You can't fix stupid!

ritelec

Senior Member
Location
Jersey
If the thickness of a nail plate bothers you how picky are you with how straight the studs are? It is hard to find ones that don't bow more than thickness of a nail plate.
picky.

I go through each one when picking a stud or joist for install (when I have my carpenter hat on). Besides bows, the standard 2X whatevers vary anywhere from from 1/16th to 1/4 of an inch.


As far as the nail plate, besides a minor hump, I don't like that the sheet of rock will not be laying completely against the beam (little play, nail/screw pop stuff).


Anally me,
Rich
 

kwired

Electron manager
Location
NE Nebraska
picky.

I go through each one when picking a stud or joist for install (when I have my carpenter hat on). Besides bows, the standard 2X whatevers vary anywhere from from 1/16th to 1/4 of an inch.


As far as the nail plate, besides a minor hump, I don't like that the sheet of rock will not be laying completely against the beam (little play, nail/screw pop stuff).


Anally me,
Rich
I've seen guys have to deal with bowed walls trying to hang cabinets install doors or windows or even hang a mirror (they don't bend well at all:cool:) but just to hang drywall is a little more forgiving especially when it is only 1/8 inch. I have also seen studs that were straight when placed in the wall but later started to bend as it dried out more.
 

ritelec

Senior Member
Location
Jersey
I've seen guys have to deal with bowed walls trying to hang cabinets install doors or windows or even hang a mirror (they don't bend well at all:cool:) but just to hang drywall is a little more forgiving especially when it is only 1/8 inch. I have also seen studs that were straight when placed in the wall but later started to bend as it dried out more.
Yes...............................

just to add, placing perfectly aligned straight studs will also warble if you don't finish the job with the rock really really soon. gar gar gar gar...............where's that sawzall????



Too friggin anal,
Rich
 
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Gac66610

Senior Member
Location
Kansas
We all have our issues with inspections - and the insulation guys are no exception.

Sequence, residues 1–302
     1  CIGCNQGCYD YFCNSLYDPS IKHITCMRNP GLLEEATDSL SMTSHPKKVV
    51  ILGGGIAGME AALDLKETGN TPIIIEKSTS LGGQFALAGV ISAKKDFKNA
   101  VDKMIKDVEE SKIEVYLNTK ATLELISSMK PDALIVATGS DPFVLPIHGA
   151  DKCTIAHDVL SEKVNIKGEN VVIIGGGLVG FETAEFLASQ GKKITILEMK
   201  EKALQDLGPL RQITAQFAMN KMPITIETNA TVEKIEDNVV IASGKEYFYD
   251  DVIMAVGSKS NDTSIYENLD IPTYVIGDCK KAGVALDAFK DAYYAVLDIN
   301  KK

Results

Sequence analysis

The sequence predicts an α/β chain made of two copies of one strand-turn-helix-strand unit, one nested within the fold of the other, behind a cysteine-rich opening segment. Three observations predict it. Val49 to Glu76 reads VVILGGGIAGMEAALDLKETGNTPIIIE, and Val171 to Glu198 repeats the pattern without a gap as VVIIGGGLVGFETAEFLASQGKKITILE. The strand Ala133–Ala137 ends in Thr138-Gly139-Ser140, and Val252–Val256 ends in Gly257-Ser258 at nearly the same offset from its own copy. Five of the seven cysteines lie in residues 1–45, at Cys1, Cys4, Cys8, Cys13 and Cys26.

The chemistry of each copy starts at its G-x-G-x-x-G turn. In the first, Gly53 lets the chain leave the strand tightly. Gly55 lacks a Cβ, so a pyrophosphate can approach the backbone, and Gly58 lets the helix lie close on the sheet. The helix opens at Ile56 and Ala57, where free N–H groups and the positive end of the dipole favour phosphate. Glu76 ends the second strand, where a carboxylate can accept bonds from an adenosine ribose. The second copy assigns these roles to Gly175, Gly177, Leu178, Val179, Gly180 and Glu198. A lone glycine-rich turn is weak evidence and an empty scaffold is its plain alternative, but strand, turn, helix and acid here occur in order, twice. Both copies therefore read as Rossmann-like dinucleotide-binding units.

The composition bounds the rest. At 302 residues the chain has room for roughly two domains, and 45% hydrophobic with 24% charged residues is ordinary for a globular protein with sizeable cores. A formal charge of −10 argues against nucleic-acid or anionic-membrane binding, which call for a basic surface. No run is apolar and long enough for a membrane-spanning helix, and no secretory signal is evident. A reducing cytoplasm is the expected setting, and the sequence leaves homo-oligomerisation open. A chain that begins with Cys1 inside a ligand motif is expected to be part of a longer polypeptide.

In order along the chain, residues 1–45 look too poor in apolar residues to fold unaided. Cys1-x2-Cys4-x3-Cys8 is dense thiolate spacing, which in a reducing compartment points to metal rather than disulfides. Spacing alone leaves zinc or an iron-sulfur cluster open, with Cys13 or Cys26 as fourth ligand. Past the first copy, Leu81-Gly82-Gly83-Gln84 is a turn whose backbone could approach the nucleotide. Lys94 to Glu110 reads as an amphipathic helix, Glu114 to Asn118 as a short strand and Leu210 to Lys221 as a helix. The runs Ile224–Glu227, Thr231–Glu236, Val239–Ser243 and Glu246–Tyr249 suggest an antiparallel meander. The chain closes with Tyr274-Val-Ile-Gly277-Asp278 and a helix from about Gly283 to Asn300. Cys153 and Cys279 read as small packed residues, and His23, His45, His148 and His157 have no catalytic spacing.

Call it another example of seminar training .... inspectors are all focused on the holes we run our wires through and the recesed lights. "Energy codes." Can't have that air leakage!

Step out, visit a few non-electrical forums. Home inspectors', for one. Or, sites like the 'green building advisor.' Yup- look for LEED to make things worse.

Just try telling these folks that we've been down this road before (remember the Carter years?), and the result was the 'mold crisis.' You can't tell these fools that homes need to breathe.

Indeed, visit an HVAC forum, and you'll see some lovely problems arise when homes are too tight; like, say, the bath fan tripping the CO detector, because the furance is now back-drafting. Or the kitchen fan not moving much air, because there's no fresh air coming in.
they are having HVAC install "make up air supply" six or eight inch insulated supply from outside directly into the return air duct
 

Gac66610

Senior Member
Location
Kansas
A professional insulation contractor should hire qualified employees, & have some sort of training

program. The insulation boss should explain to his employees the conquences of their actions.

In the abscence of such, it's time to back charge the General Contractor.
:lol: one of my GC's runs an insulating company ... could get interesting
 
Ok, I thought it was just me.

I really hate to stereotype, but I have yet to find a foam insulation contractor that cares one bit about the other trades on the job. I wish I had a nickel for every time I've gone to a house we've wired between the foam and sheetrock stage to see wires that we'd run straight now bent + pulled tight at turns because the foam guys hung from them like they were a ladder or knelt on them in the attic. I've had the same conversation with one guy twice now explaining to him that when he completely fills the area between the housing for a bath fan and the plywood on the roof, that the expansion of the foam pushes the housing out of the ceiling.
I think your complaint is valid, but I would like to extend it to other trades as well.

I think it basically has to do with advancement of technology and who gets paid.

Equipment that is being installed today is more complex and technologically sophisticated than yesterdays. Instinctively one would think that the trade skills involved in their installation would need to be higher than before, but I think it is not so, rather the opposite is true.

Manufacturers seem to TAKE the trades skills out the products installation requirements. This is for several reasons. They don't want to depend on the installer for the proper function of the unit, to deflect potential liability arguments, to be able to more readily sell the same product into countries that have less sophisticated craftspeople and finally to actually design a product that can be installed by dummies and DIY and to be able to sell it at a higher price. In other words they are taking away the bread from the electricians.
 

kwired

Electron manager
Location
NE Nebraska
I agree. The only way to get the insulator's attention is when it starts costing him money. When he loses money on several jobs in a row for the same reason, maybe he'll figure it out.
Problem is the insulators, just like the drywallers, have already been paid and no longer on project when these problems are discovered. How do you hold pay from someone that has already been paid? Most you can usually do is just complain and hope it helps for next time. Next time they will have new guys on the crew and it will start all over again.
 
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